Home » Life with MS » A pin and three needles

A pin and three needles

I can’t feel my finger. But the sun is shining and life is good. What a difference a bit of sunshine (vitamin D?) makes. A few months ago I was being bothered by periods of anxiety which I couldn’t quite pin down. Was it due to work (stressful and unpredictable and occasionally high pressure but no more so than I had anticipated;) the children (one has been diagnosed with a painful but hopefully resolving condition which has limited her usual activity, the other is showing signs of true Minecraft addiction which has required an “intervention;”) the day to day of life juggling long hours, a house, a family, being a good friend/sister/wife/mother? I couldn’t figure it out and despite dipping a toe in the pool of mindfulness (well, I bought one of those colouring books and did a jigsaw) it seemed to be getting worse. I could add hyperventilating in the bath terrified of my own mortality to my list of things to fill my time.

And then came an MS relapse … and oddly I felt better.

I haven’t had a relapse of my condition for over 18 months. The drugs are working. I have occasional periods where I am hit by the wall of fatigue, I get a run of sensory changes or my legs need a little help to move me around but I hadn’t been knocked off my feet. And I think the lack of relapse was worrying me. A small part of me was “worried” the doctors had made a mistake. What if I had made all this fuss, worried my family and even got a blue badge and there was nothing actually wrong with me? This probably sounds ridiculous but maybe there are some that can understand the anxiety of having possibly just got it wrong.

And then there was the genuine anxiety about what the next relapse would be like? It was long-overdue and maybe that meant it was going to be really really bad when it came. What if I lost the vision in both eyes? What if I couldn’t drive? What if I didn’t recover? The longer I was well the more worried I was getting about how unwell I might end up being. Not that I really acknowledged any of this. Maybe if I had opened the felt tips and started the colouring I would have got this insight but as it was I simply kept on going, burning the candle at both ends and wondering why I had suddenly become unable to cope properly.

And now the relapse has been and largely gone. My vision was mildly affected in one eye and the stick came back out. The migraines have been really bad this time but the fatigue has been better. I took one day off work and resisted hospital admission for IV steroids. My daughter wrote about my MS for the first time and it was reassuringly full of 9 year old self-obsession about what her friends might think rather than any concern about my health. She generously wrote that she was going to try and “put up” with me using my stick.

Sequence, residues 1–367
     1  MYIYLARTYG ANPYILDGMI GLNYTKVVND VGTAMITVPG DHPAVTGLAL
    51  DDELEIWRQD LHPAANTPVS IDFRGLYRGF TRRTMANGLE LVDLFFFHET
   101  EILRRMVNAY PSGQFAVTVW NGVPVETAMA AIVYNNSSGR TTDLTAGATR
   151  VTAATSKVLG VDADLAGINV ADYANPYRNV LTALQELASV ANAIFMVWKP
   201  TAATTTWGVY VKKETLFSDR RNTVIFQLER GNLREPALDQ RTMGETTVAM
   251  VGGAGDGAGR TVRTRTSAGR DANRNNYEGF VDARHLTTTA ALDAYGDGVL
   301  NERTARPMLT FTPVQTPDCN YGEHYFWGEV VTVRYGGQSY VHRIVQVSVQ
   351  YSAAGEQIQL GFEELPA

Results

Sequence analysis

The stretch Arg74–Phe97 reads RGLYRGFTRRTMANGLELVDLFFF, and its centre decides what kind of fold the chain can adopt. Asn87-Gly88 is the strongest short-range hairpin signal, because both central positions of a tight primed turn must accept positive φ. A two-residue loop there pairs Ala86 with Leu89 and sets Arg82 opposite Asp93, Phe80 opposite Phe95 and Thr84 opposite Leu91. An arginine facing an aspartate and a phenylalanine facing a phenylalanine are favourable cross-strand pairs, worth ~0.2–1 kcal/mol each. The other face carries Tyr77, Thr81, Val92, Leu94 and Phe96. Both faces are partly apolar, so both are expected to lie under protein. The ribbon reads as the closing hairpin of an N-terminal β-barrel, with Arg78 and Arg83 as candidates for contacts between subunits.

She didn’t have to put up with it for long. It’s folded away again now but while it was still in action I responded with characteristic mesaure and calm –  I entered myself into the local half marathon in the autumn. If you have read the blog before you’ll remember my vow to never, ever run. So my intention was to walk around and if I was still ill I would do it with my sticks and raise some money and awareness for the MS society. Then I realised how long that would take and that the only people left at the finish would be the council street sweepers so I have tested the recovering legs by doing the couch to 5k plan. And, annoyingly, the stories of exercise helping relieve symptoms is not actually a lie made up by gym-freaks.

There was a link on an MS group on facebook this week about an MS “sufferer” being “brave” by completing some feat of physical endurance. It garnered mixed responses from those who felt it gave a false impression of life for most people with MS, to those who felt it was important in showing that many people with MS are living a normal life and some are doing extraordinary things. I know my MS is not “normal” and that I am not representative of many, with my good response to the drugs and mild relapses so far, but I do think it’s important for those newly diagnosed to read about those who who are doing OK as well as those who are properly battling. Because it’s a real waste of life to be held captive by anxiety of what might be to come and what residual effects may be left. Especially if what you end up being left with is one numb finger and a pin and three needles bothering one hand.

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